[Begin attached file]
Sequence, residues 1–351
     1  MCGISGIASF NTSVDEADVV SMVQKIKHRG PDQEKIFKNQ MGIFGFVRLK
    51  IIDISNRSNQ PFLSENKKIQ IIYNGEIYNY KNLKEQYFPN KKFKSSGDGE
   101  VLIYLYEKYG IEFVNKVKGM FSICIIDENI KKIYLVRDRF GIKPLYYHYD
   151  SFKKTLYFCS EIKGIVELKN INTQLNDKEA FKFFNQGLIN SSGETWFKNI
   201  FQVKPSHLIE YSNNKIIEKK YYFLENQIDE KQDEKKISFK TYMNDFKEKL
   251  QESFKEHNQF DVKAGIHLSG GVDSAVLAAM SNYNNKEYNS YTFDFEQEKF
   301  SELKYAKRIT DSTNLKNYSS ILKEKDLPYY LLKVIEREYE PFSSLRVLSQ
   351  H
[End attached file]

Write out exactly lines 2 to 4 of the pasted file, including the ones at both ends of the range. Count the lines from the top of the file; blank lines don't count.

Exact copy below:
     1  MCGISGIASF NTSVDEADVV SMVQKIKHRG PDQEKIFKNQ MGIFGFVRLK
    51  IIDISNRSNQ PFLSENKKIQ IIYNGEIYNY KNLKEQYFPN KKFKSSGDGE
   101  VLIYLYEKYG IEFVNKVKGM FSICIIDENI KKIYLVRDRF GIKPLYYHYD